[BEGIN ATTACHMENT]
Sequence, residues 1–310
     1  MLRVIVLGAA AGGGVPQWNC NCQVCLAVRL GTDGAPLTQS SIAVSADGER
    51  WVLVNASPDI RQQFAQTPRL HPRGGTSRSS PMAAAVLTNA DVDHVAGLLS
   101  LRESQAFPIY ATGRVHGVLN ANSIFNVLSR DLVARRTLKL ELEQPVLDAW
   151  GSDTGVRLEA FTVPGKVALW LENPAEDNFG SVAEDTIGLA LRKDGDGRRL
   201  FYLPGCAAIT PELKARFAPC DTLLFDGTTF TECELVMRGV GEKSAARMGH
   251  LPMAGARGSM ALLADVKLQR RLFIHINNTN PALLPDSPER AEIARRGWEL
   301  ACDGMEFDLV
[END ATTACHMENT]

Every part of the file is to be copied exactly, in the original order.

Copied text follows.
Sequence, residues 1–310
     1  MLRVIVLGAA AGGGVPQWNC NCQVCLAVRL GTDGAPLTQS SIAVSADGER
    51  WVLVNASPDI RQQFAQTPRL HPRGGTSRSS PMAAAVLTNA DVDHVAGLLS
   101  LRESQAFPIY ATGRVHGVLN ANSIFNVLSR DLVARRTLKL ELEQPVLDAW
   151  GSDTGVRLEA FTVPGKVALW LENPAEDNFG SVAEDTIGLA LRKDGDGRRL
   201  FYLPGCAAIT PELKARFAPC DTLLFDGTTF TECELVMRGV GEKSAARMGH
   251  LPMAGARGSM ALLADVKLQR RLFIHINNTN PALLPDSPER AEIARRGWEL
   301  ACDGMEFDLV